1. Quinnipeague is a fictional island, but based very closely on the many islands that dot Maine’s coast and are popular with summer visitors. Have you been to a seasonal island or beach community on vacation? How was Quinnipeague similar to these places you’ve visited? What characteristics make Quinnipeague unique? What interesting dynamics play out in the story because of the seasonal nature of Quinnipeague? What differences did you find between the characters who are “locals” and those that are “summer people?”
2. One of the main plotlines is Sweet Salt Air revolve around Charlotte’s and Nicole’s efforts to write a cookbook. What is the significance of food—how it’s prepared, served, and appreciated—in Sweet Salt Air? What makes the island’s food special to the two women? Do they view food, and the process of collecting recipes and the stories behind them, differently?
3. Talk about the characters’ lives off the island of Quinnipeague—Charlotte, who lives in Brooklyn but travels constantly, and Nicole who is firmly rooted to her home in Philadelphia. What does each woman’s lifestyle reveal about her personality? Do their lifestyle choices seem in keeping with what the novel reveals about them?
4. Both Charlotte and Nicole are keeping secrets at the start of the novel that they have no intention of revealing. And yet, they both ultimately do. Do you understand why each woman kept her secret from the other? Do you think one was more justified in keeping her secret? What did you think of each woman’s reaction to the truth? Have you ever kept a big secret from a friend, only to reveal it later?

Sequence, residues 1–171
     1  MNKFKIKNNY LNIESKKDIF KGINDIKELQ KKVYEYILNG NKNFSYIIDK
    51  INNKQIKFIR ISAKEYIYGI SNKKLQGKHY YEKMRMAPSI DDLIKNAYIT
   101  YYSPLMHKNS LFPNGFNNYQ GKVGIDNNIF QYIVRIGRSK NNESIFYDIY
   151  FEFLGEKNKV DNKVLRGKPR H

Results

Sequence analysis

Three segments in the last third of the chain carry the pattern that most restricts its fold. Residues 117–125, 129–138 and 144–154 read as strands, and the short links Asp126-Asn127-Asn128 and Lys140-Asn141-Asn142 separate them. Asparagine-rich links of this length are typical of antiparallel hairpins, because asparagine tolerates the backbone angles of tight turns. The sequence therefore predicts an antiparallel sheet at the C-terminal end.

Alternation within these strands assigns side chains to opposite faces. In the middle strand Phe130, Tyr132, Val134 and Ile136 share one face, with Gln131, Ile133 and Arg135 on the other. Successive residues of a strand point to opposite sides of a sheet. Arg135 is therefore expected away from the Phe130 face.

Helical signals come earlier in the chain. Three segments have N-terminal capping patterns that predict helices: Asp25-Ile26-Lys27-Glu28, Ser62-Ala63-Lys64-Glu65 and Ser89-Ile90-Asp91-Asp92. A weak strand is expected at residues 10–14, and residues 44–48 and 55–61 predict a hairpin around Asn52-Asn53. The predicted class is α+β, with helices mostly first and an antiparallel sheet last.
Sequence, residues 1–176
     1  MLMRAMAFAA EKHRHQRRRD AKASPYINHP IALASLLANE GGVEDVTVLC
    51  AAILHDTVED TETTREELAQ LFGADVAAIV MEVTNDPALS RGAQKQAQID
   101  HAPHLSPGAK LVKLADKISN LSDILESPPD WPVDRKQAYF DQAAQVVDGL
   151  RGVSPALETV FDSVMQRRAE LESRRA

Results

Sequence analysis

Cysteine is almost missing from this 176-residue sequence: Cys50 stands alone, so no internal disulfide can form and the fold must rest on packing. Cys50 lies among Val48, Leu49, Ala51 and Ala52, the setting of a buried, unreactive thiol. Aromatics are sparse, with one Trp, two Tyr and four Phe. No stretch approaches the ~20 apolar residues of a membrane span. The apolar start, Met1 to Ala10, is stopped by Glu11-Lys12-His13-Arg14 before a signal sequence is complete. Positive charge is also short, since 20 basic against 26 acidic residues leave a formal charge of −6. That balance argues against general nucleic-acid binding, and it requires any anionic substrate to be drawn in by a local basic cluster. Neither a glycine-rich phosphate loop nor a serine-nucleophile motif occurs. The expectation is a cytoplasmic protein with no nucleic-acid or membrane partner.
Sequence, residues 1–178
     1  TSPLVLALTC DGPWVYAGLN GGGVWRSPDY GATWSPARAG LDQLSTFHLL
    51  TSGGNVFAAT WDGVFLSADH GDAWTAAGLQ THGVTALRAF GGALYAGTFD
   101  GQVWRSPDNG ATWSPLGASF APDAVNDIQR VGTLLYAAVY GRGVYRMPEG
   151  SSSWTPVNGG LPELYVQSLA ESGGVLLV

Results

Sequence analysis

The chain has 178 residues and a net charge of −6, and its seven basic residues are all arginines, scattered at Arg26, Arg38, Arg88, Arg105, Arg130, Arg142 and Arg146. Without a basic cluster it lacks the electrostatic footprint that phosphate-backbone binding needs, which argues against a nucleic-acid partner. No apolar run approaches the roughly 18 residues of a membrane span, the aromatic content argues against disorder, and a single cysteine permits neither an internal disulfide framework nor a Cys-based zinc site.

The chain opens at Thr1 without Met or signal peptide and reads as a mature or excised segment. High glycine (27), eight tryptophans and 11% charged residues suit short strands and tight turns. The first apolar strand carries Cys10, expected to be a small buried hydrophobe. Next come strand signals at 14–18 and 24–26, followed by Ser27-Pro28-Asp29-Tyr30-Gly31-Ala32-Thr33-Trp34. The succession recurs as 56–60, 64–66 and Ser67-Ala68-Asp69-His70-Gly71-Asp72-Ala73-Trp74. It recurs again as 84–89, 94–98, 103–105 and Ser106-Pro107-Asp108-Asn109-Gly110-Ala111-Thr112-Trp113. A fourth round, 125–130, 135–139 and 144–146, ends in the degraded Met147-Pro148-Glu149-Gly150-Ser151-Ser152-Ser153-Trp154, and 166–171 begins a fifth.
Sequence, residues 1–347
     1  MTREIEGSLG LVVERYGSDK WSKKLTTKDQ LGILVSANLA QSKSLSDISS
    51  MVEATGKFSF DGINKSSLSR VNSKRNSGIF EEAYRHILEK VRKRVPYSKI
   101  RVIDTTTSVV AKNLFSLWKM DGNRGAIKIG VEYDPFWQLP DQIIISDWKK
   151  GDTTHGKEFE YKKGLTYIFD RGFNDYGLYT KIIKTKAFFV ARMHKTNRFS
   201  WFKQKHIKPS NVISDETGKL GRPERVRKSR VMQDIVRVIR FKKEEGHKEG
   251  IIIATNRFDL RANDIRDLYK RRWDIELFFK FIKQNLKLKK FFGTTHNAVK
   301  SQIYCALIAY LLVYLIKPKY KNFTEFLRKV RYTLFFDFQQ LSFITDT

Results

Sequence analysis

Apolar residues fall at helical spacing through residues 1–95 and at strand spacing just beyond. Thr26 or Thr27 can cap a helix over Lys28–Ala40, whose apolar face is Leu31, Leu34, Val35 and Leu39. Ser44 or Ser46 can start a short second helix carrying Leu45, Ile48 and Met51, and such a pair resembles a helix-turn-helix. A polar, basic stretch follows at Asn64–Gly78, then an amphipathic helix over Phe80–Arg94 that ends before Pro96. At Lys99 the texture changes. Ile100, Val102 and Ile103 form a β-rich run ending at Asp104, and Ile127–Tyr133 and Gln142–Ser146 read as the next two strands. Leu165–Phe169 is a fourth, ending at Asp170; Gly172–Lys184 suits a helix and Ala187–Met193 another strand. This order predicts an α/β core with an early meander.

5. If you were Nicole, could you forgive Charlotte for what she did? Do you think there are some things in friendship that are unforgiveable? Do you think Charlotte has forgiven herself? If yes, what happened on the island that allowed her to forgive herself? If not, what do you think she still needs to do?
6. Nicole and Julian face challenges, but every marriage is tested at one time or another. What do you think is the hardest test? Illness? Infidelity? Money? Are we stronger for the suffering? In what ways?
7. Cecily Cole is a presence throughout the book, despite her death several years earlier. How do the locals see Cecily and her garden? How does Cecily’s spirit affect each character in the novel? How do Leo’s descriptions of Cecily as a mother affect your view of her? Do you believe in the kind of lingering legacy that the women discover in the herbs and food of Quinnipeague?
8. Discuss the role of Salt to the story in Sweet Salt Air? Do you and your friends have the same taste in books? How do Charlotte’s and Nicole’s differing reactions to the book reflect their natures? How did you enjoy the experience of hearing about a book you could not read? Were you surprised when you learned who had written Salt?
9. Nicole is upset over Angie’s relationship with Tom. Do you feel that she’s justified? Have you ever witnessed a parent’s romantic involvement with a non-parent of yours? What emotions were involved for you? For your parent?
10. Leo has a “bad boy” edge. Does this make him more attractive to Charlotte? Do you think a little rebellion is attractive? Leo has committed some crimes in his life, crimes for which he’s served time in jail. What is your sense of how Leo’s time in jail affected him? Has he changed? Does doing bad things make us bad people? And what about Charlotte, who’s committed no crimes, and yet, she’s done some terrible things? Would you characterize Charlotte as “bad”?
11. If you could ask the author anything about Sweet Salt Air—clarification of a plot point, a detail about a particular character, scenes from the cutting-room floor—what would it be? (You may choose to contact Barbara Delinsky, via her website or Facebook, and ask her!)
(Questions issued by publisher.)
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